Scalable Delivery of Navigable and Ultra-High Resolution Video
In a review of the evolution of television (TV) the number of technological breakthroughs that have arisen since the 1950s is notable. There has been progress on many fronts, such as the move from black-and-white to colour, the booming diversity of content offered and an ever-increasing picture quality. The latter has itself been regularly improved by disruptive changes: the transitions from analogue to digital formats, from standard to high definition and more recently the advent of stereoscopic 3D content.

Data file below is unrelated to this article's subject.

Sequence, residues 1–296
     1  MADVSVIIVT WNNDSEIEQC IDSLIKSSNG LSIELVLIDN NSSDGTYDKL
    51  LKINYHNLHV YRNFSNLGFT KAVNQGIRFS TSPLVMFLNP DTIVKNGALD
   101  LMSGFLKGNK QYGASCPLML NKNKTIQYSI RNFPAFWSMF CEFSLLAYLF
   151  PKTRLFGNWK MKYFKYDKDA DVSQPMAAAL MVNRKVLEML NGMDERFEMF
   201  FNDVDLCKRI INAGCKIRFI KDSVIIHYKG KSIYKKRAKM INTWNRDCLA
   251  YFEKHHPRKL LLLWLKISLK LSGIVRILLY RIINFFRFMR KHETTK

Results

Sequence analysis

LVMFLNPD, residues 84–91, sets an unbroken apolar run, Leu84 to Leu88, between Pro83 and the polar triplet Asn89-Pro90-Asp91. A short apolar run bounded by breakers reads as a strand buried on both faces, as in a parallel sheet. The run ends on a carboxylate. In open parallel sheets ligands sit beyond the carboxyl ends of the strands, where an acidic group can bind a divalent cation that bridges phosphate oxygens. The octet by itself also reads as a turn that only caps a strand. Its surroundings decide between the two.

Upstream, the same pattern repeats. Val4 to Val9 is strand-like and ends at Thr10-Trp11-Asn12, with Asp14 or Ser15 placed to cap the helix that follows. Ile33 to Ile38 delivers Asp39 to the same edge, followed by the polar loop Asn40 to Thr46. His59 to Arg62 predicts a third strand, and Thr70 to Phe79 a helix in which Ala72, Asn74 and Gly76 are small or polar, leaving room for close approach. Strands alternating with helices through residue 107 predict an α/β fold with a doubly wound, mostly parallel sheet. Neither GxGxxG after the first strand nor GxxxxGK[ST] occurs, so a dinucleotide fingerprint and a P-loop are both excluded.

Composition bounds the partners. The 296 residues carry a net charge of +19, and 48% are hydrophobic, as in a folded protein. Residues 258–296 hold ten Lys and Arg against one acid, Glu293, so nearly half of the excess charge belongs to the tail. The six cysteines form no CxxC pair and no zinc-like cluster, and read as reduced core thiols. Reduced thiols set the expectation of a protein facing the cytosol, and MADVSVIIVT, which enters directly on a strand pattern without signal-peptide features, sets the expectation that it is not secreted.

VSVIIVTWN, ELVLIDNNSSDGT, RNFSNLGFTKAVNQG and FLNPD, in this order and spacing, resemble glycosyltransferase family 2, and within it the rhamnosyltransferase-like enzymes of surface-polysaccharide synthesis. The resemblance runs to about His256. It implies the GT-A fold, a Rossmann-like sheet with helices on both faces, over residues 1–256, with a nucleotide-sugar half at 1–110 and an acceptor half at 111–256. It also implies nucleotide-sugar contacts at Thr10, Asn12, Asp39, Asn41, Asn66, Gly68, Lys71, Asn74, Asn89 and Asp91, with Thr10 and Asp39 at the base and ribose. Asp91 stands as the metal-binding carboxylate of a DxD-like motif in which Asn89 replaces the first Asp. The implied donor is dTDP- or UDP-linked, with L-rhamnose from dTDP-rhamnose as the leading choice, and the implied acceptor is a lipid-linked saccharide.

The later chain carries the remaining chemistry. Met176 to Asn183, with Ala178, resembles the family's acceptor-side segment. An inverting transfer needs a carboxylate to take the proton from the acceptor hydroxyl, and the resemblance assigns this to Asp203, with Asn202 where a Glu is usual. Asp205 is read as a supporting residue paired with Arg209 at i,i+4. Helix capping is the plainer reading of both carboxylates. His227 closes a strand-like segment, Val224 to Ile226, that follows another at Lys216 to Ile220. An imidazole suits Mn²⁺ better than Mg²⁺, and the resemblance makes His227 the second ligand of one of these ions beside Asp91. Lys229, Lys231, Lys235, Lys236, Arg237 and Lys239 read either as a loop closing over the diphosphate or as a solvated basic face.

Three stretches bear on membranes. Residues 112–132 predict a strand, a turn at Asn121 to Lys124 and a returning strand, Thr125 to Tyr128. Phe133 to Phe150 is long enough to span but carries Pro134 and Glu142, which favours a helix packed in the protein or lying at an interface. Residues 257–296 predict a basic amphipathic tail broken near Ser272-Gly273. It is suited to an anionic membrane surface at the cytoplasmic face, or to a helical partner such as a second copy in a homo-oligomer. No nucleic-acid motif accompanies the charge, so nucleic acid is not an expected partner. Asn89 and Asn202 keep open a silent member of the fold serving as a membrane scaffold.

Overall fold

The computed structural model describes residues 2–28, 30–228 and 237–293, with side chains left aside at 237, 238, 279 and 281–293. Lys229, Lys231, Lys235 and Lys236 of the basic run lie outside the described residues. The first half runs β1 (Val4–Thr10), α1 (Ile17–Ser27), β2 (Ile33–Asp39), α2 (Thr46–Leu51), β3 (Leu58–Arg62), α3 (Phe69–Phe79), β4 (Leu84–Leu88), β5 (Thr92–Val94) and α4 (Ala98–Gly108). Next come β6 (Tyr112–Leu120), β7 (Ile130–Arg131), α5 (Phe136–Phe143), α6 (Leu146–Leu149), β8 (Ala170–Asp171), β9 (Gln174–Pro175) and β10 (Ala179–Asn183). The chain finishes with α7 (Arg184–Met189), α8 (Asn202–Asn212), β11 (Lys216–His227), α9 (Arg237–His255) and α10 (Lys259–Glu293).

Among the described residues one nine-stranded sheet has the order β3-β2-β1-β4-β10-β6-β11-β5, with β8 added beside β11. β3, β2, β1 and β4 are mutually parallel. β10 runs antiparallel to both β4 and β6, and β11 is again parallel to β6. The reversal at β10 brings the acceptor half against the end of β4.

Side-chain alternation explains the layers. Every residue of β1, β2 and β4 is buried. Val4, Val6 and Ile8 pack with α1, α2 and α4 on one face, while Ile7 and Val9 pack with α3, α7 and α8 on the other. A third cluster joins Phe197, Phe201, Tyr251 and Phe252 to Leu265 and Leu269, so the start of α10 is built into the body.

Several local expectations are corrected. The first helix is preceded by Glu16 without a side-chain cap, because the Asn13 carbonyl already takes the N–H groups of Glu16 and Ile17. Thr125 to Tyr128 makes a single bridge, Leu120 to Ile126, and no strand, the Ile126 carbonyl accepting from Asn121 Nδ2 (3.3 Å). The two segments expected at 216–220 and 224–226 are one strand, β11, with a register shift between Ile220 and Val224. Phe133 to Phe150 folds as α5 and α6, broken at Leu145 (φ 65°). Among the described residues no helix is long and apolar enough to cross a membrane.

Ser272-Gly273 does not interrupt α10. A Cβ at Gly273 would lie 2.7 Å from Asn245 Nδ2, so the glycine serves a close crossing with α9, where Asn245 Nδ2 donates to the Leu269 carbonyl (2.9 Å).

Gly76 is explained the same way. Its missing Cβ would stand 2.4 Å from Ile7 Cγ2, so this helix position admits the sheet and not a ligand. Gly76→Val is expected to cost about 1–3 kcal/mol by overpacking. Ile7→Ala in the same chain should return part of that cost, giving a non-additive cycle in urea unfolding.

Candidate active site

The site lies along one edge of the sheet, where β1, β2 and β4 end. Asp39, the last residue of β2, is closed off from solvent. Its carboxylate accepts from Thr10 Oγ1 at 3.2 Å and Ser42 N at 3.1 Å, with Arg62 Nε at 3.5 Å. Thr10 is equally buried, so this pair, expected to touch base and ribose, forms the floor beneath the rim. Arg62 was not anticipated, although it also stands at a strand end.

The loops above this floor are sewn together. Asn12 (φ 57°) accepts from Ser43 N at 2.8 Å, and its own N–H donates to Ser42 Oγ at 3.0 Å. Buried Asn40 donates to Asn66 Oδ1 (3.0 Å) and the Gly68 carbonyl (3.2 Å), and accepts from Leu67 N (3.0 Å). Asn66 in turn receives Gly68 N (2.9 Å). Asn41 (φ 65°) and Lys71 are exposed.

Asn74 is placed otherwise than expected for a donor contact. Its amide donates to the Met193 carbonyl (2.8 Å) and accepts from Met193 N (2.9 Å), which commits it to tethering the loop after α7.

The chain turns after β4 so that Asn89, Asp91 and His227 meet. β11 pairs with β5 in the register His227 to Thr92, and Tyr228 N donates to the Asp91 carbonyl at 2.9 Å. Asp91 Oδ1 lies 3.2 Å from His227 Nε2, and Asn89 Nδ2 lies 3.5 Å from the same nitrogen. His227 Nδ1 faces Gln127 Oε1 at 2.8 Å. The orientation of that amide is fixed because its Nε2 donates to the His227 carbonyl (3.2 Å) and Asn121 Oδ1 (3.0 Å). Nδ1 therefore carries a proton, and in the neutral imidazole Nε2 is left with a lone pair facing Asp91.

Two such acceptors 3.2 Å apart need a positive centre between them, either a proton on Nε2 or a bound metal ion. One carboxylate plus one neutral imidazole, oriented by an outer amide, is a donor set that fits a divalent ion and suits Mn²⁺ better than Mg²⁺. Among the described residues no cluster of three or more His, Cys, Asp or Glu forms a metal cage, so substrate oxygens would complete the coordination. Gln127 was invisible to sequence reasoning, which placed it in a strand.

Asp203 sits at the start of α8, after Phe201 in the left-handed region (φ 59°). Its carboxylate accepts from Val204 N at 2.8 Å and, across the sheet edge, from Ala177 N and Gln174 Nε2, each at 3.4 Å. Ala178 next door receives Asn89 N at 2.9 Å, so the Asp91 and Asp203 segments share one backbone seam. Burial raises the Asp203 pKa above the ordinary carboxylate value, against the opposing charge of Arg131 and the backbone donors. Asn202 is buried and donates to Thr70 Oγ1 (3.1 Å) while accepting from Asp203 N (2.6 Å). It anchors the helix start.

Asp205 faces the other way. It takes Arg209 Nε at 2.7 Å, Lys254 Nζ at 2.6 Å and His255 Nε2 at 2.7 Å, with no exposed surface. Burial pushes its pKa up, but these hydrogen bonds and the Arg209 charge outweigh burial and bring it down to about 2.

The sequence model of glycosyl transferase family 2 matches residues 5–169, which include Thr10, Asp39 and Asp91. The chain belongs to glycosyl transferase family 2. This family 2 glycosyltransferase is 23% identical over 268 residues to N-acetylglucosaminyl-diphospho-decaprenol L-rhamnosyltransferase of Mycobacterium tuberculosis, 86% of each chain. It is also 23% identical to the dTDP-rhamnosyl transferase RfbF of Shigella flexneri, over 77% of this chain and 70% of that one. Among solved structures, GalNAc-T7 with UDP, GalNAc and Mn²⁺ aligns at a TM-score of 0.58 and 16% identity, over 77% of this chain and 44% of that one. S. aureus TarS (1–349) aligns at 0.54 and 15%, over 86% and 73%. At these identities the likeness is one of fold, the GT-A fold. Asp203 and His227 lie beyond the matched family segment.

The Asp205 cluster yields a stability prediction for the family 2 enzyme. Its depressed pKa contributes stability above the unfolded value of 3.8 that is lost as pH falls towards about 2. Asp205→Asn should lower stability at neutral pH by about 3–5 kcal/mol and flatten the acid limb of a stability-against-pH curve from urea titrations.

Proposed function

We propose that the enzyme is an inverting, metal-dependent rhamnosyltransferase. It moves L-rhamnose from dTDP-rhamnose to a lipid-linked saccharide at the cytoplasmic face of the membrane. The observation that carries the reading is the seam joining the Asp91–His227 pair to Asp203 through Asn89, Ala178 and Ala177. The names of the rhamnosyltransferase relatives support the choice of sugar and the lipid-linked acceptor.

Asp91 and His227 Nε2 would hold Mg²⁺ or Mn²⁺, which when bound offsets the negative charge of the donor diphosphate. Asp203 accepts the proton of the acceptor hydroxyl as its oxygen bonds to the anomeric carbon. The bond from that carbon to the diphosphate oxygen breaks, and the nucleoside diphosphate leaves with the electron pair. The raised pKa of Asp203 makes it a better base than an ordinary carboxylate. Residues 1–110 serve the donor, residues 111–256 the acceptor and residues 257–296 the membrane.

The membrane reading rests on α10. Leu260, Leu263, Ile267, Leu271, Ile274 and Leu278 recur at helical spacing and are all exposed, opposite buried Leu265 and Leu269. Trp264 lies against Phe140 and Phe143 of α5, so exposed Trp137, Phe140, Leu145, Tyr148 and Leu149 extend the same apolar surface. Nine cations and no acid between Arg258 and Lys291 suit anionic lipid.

Despite an impressive list of technological improvements, which started many decades ago, it can be argued that the TV experience itself has barely changed. TV offers, almost by definition, a set of fully formatted pieces of media, defining how the content will be delivered to end users in terms of viewing experience (camera shot selection, post-processing effects, colour grading, and so on), content duration and sequencing.
However, in recent years, we have witnessed significant changes in the way people consume media in particular in their digital form. Among them one of the clearest trends is the increasing level of interactivity and of personalised consumption. People are now used to browsing web pages ...